In 2020, as pandemic-era stimulus payments to low-income households created boom times for credit repair, F.E.S.’s customer base rose to nearly 900,000. Revenues soared to $134 million from $73 million the year before, according to court filings. After the F.T.C.’s unannounced visit to the Farmington Hills office, Samuel Levine, the director of the agency’s Bureau of Consumer Protection, vowed in a news release to “continue to pursue firms that prey on families’ economic pain.”
When I first read the F.T.C.’s lengthy complaint, the scale of the operation came as a complete surprise, though I had reported at length on the firm and its business model. A few months earlier, I visited an office storefront run independently by two F.E.S. agents and situated between a community health clinic and a used-car lot on the Near West Side of Chicago. A vinyl banner for the used-car lot next door read, “NO CREDIT BAD CREDIT, WE FINANCE.” Inside, there were colorful upright banners, with GROWTH and WEALTH in block letters arranged sideways. I interviewed a handful of their recruits, including a couple who joined in the hopes of earning enough money to buy a home. After the F.T.C. investigation emerged, they stopped working as F.E.S. agents and declined to be named in this article — “We’d rather not put ourselves out there like that,” one of them told me.
This February, at F.E.S.’s annual convention, held in Orlando, the theme was “Rise,” according to a report by a court-appointed monitor, and an F.E.S. founder, Parimal Naik, presented $100 bills to winners of a “Money Ball” drawing. (Naik declined to comment for this article.) The monitor noted, too, that among the 500 people in attendance, at least 95 percent of the attendees were either Black or Latino.
Matt Liistro, a former mortgage broker who started National Credit Fixers in 1996, is one of the industry’s more vocal promoters. He told me he’s like “an accountant who is trying to get you a loophole and save you money.” He started CreditCon, an annual gathering for the credit-repair industry, six years ago. At this year’s event, held in April in New Orleans, a few dozen booths pitched some product or service to the 300 or so credit-repair agents in attendance. There were booths selling software to automate the creation of dispute letters. There were booths staffed by lawyers looking for referrals that might lead to lawsuits against the credit bureaus.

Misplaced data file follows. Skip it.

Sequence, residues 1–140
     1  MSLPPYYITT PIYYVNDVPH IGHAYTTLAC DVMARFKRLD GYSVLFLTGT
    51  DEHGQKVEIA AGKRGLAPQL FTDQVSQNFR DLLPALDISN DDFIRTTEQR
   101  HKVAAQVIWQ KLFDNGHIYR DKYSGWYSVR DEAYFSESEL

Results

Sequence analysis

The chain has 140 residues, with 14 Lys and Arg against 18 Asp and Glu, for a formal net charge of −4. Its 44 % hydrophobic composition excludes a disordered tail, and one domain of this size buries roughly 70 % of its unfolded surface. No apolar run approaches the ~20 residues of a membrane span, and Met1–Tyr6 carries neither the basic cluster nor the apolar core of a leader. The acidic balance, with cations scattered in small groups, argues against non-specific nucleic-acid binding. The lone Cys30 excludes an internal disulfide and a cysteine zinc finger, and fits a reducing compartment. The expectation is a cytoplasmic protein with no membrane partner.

Some of the busiest booths, I found, were those pitching the sale of the credit-card-payment histories of complete strangers. This was a legal and proven “hack” to increase credit scores, a co-owner of a company running one of these booths told me, next to a tall banner that read, “WHOLESALE AUTHORIZED USER TRADELINES.” It’s legal to add someone, including a nonfamily member, to a credit card as an authorized user. The stranger didn’t get to use the credit card, but the positive payment history — and the length of time the card had been open, a key metric used to calculate a credit score — was factored into the authorized user’s credit report. The vendor I talked to charged roughly $300 to $500 to add each credit card; for someone with bad credit, it might take the addition of several cards, or as much as $1,500, to raise a score.
Jason Moore, dressed casually, circulated among the booths with his tiny brown dog, Ringo. A former subprime auto finance manager from Birmingham, Ala., Moore started TeamUSA Credit Repair and worked his connections among car dealers for referrals after the Great Recession of 2008. “It just blew up so fast,” he told me. “By the third month, I made 30 grand with one employee.” Craig Chapman, a former car salesman, wearing a suit with a pocket square tucked into his jacket, started Transformation Financial Solutions in Dallas after seeing a local dentist — who otherwise seemed to be successful — be turned down for a loan with a credit score of 460. Chapman said, “If she has that problem with credit, how many other millions of people do as well?” Julia King and Robert Longshore, a married couple from Louisville, Ky., had driven their motorcycles to New Orleans from Louisville, where they operate King Financial Repair. They charge new clients $299 for an analysis of their credit reports, then $147 a month thereafter, typically for a minimum of six months. King told me she obtained deletions for clients all the time: wrong dates, incorrect balances, inaccurate dates of when an account was opened or closed. “Something’s going to be wrong every single account,” she told me. “I bet you a thousand dollars you can’t find me an accurate credit report.”